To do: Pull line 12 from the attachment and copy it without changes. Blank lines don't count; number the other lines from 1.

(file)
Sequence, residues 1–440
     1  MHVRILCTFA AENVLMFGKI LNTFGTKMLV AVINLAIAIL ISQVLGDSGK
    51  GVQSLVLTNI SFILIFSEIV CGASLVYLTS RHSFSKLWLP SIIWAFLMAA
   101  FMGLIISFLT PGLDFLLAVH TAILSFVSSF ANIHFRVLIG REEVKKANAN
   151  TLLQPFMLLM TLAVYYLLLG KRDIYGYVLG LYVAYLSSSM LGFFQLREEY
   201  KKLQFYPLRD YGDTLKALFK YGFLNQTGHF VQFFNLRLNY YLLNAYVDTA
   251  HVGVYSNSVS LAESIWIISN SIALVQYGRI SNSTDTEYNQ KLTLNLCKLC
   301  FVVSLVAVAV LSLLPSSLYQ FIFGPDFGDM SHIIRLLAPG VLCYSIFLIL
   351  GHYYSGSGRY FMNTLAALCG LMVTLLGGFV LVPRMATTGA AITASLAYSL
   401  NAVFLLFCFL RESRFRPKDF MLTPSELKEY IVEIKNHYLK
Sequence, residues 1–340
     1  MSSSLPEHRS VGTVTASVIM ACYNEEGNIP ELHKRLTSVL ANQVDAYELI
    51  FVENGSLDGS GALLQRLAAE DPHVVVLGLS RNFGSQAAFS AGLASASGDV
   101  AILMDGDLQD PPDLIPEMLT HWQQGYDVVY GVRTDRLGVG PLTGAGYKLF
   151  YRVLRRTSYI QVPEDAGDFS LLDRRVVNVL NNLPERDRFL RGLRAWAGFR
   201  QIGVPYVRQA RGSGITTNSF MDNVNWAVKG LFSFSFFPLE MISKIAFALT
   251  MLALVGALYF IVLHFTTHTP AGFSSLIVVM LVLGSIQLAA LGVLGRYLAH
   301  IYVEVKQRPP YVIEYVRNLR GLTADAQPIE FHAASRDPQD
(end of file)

     1  MSSSLPEHRS VGTVTASVIM ACYNEEGNIP ELHKRLTSVL ANQVDAYELI